Mass formularies’ history
  • It's often said informally that the Mass formularies, as in the Liber, with their assignments such as “For Double Feasts, 3” are not normative.

    On the other hand Paschal and Requiem Masses are strongly associated with certain melodies: almost normative.

    Is there any history to read about how the 18 (?) (or 16?) formularies in the Liber came to be assembled, and more to the point, the background and traditions of assigning particular ordinary chants to Masses and seasons?
  • tomjaw
    Posts: 2,726
    Here is the first or at least earlier draft of the the Solesmes Kyriale,
    Here is the Sarum Kyriale, notice how it is set out differently to the modern books,
    In the Gradual or Notated Missal, They have a 'Proper' Ordinary for some feasts so it would note in the Proper the Ordinary to be used.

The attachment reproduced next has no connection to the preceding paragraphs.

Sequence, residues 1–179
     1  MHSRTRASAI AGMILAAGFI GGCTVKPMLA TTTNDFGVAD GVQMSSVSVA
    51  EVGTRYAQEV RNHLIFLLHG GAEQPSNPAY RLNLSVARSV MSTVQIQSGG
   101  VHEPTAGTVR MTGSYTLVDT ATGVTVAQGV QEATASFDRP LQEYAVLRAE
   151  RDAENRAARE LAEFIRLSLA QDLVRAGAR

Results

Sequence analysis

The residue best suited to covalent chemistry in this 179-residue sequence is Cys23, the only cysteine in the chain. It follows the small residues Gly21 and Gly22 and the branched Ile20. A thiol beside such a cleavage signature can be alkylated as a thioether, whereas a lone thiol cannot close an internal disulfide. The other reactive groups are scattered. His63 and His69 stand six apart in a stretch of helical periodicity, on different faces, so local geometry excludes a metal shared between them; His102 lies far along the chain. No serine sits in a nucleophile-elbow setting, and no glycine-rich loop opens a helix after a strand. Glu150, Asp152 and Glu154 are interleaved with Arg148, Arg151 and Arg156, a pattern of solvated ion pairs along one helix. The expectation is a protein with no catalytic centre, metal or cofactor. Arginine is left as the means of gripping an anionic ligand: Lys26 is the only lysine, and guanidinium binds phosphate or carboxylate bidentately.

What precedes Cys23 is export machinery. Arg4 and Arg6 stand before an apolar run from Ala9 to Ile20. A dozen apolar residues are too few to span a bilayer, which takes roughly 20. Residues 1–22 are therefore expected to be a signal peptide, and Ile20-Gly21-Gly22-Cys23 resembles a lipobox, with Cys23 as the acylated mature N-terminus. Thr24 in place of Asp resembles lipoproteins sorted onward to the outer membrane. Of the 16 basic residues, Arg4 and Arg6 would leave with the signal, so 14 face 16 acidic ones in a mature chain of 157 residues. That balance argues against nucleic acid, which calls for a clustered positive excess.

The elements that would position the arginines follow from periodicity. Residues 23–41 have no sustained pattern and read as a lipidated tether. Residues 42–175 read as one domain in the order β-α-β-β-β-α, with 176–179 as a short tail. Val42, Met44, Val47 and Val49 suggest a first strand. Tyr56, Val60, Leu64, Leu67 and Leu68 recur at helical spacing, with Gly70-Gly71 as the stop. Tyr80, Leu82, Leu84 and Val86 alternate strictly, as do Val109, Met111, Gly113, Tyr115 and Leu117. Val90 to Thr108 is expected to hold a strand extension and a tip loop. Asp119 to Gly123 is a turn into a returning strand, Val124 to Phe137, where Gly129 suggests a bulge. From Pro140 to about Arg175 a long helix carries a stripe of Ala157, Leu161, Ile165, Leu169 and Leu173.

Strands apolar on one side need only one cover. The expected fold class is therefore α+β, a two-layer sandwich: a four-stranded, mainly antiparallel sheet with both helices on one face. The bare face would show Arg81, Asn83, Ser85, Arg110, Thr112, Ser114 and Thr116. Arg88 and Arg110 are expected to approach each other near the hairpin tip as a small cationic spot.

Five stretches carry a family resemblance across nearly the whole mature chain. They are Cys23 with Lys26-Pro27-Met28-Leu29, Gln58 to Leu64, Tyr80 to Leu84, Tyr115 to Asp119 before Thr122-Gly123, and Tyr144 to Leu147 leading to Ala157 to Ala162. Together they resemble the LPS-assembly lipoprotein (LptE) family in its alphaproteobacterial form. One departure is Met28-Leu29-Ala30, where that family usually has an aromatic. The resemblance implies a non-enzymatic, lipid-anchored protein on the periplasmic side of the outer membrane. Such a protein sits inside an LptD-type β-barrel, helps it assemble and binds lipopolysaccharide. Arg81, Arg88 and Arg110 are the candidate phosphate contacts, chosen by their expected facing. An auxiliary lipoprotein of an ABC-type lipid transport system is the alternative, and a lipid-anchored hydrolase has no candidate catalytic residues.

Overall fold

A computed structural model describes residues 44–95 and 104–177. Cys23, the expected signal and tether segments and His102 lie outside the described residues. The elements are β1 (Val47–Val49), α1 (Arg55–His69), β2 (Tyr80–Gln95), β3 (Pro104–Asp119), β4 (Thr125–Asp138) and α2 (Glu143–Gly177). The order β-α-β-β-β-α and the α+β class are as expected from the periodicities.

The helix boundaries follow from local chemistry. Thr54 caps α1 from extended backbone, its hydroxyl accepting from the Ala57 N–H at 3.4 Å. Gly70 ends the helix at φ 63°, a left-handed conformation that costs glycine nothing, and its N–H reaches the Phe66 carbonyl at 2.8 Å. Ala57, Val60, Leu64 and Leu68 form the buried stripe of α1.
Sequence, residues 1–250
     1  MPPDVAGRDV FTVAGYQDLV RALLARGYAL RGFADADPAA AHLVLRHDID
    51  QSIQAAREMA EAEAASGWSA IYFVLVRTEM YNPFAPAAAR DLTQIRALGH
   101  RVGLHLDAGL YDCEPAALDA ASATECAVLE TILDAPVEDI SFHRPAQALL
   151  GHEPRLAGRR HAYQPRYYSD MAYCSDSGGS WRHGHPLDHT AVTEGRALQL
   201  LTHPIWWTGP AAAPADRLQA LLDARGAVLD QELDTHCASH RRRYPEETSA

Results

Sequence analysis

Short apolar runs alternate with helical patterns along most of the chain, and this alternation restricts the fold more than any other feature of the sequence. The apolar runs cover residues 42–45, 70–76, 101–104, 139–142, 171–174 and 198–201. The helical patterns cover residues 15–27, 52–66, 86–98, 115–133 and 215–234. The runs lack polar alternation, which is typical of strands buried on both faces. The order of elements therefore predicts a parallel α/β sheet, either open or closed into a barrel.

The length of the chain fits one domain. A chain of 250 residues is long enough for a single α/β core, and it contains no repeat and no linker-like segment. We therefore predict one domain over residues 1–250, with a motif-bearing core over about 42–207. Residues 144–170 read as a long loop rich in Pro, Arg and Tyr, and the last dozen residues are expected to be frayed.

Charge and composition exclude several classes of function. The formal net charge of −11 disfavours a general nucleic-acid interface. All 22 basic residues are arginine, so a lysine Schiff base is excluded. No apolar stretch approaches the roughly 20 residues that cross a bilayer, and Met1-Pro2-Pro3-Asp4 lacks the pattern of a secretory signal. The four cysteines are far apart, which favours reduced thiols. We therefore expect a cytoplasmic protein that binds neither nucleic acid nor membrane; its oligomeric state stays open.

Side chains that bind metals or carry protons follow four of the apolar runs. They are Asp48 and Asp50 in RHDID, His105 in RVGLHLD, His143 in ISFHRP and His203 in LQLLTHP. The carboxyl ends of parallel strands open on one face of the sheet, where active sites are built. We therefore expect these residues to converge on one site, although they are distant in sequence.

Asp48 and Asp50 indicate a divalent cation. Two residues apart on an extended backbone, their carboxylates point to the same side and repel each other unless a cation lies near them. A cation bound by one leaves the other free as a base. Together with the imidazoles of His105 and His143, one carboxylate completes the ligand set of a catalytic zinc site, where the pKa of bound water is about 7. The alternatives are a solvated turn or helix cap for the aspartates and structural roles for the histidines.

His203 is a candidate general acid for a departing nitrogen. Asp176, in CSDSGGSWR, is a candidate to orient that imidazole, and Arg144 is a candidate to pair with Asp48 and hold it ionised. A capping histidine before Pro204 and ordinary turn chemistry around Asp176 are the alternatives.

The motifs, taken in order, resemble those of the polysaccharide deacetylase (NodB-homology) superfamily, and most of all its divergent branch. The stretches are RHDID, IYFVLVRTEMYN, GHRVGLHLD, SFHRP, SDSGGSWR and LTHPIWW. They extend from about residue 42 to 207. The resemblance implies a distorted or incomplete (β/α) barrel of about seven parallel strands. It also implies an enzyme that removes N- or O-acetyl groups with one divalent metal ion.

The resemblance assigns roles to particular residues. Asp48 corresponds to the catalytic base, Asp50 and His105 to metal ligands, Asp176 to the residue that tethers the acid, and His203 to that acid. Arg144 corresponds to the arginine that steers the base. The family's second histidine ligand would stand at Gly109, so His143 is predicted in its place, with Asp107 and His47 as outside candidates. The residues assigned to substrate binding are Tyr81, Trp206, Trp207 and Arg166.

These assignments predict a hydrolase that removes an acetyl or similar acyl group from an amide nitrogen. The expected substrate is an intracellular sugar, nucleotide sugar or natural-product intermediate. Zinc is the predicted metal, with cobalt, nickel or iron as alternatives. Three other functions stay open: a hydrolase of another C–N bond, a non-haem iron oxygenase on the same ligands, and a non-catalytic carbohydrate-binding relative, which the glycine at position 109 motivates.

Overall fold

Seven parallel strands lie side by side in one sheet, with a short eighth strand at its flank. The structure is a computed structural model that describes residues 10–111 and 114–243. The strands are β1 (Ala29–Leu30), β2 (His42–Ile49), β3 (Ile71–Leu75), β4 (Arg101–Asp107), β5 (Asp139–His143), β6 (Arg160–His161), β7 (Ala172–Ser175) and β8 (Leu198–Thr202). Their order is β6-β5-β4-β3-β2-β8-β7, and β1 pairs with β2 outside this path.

This could be an interesting history, I wonder if anything has been published?
  • See the comments here:

    The first part of the Guillou article was also published in German in Beiträge zur Gregorianik 34/35.
  • My feeble understanding, based on vague recollections, leads me to surmize that the arrangement of mass ordinaries in LU was compiled by the monks of Solesmes in the later 19th c. as part of a systematization intended to provide a common practice throughout the Roman church. Its predecessor, the 1871 Putstet Graduale shares some commonalities but also considerable divergences. Putstet has 13 settings whereas LU has 18. I imagine that in the Solesmes researches they decided to add more settings to reflect the wide range of their available source material. What is different about Sarum, and probably other medieval liturgies is, as Andrew points out, that the ordinaries are not grouped by feast type; rather, all the kyries are given first, then the glorias, etc. with rubrics indicating when each chant is to be used. It would be a great study for some keen graduate student!
    Thanked by 2WGS tomjaw